I first found weight training in 2006, when it was nowhere near as popular as it is today. At that time, all I knew was that I wanted to try something new to see how my body and mind would respond to it.
My routine prior to lifting weights looked something like this: I would go to four workout classes a week at the gym, socialize with other class participants, and get a smoothie to reward myself for my hard work that day. I never saw dramatic changes, but looking back I realize that I was simply comfortable with my routine and hadn't really thought about how great it would feel to truly achieve something.
Getting started with weight training was easy because I made a decision to do it. However, I remember the first month of training being challenged and thinking I had to get better. I did get better. I lost 25 pounds in two and a half months and saw a major difference in my body.
I loved the physical changes, but something bigger happened with that I didn't see coming: Lifting weights and being dedicated to a new, more challenging workout program was preparing me to better manage my life, deal with obstacles, and accomplish goals. Ultimately, incorporating weights has made me so much happier.
1. Discipline and goal-setting:
Weight training requires consistency and having a set goal. After realizing how much discipline it took me to accomplish my workout, I realized that I could apply the same discipline and goal-setting to move forward in my life outside the gym. I am results-oriented, and seeing how I have been able to transfer my ability to set goals in the gym and apply them to the rest of my life is really incredible.
2. Pushing through obstacles:
Mental and physical growth with weight training happens at the point that the exercise gets so challenging that finishing one more rep feels like a struggle. However, weight training requires that I push through at least five more reps than I want to in order to grow. Being able to push through this physical barrier has helped me identify obstacles that come up in life, as they often appear in the form of challenges and feel uncomfortable.
By applying the same discipline to other challenges in my life, I have been able to accomplish goals in a shorter period of time by not getting stuck in my comfort zone.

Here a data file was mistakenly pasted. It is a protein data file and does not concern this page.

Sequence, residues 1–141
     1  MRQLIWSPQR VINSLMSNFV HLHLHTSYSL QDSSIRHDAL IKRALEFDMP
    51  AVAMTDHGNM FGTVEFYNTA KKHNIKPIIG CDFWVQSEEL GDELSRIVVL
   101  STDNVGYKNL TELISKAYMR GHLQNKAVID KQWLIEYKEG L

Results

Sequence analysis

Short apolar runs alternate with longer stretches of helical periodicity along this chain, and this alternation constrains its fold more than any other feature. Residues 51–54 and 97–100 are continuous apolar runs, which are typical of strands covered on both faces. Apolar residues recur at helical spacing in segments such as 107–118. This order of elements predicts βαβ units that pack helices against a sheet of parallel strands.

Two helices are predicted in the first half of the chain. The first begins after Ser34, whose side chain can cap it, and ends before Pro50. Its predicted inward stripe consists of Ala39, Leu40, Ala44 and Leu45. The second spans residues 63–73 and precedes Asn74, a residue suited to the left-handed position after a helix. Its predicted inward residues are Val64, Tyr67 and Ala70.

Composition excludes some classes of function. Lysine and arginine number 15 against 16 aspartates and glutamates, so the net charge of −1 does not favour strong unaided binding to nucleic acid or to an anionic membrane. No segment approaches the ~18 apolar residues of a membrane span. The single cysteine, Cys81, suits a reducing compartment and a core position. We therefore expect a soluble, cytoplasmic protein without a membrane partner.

The greatest confidence with weight training for me has come from the mental fortitude I have developed to accomplish my goals. Weight training has given me both confidence and a sense of accomplishment. Becoming more confident and happier has made it easier for me to help others achieve more in their own lives.
The definition of perseverance is, "steadfastness in doing something despite difficulty or delay in achieving success." One of the keys to accomplishing any goal in my life has been to persevere. Weight training is meant to be challenging, and the results are not seen overnight. But despite the time it takes to see the results, by persevering, I woke up one day and really loved the changes I saw from my hard work.
5. Mental strength:
There is a level of mental strength it takes to weight train. I have positive self-talk when I don't feel like working out, and I have to also focus more when I get tired. At the gym, it's just the weights and me. I have told myself everything from "you got this, Lisa" to "keep going. You'll feel good once this is over." My mental resilience has truly made me feel more confident in my life.
Ten years ago, I never knew that wanting to change my body would help me discover the level of mental power I have to take charge of my life. My goal now is to share this with as many people as I can. I want the world to know that weight training and taking great care of your body is truly life-changing.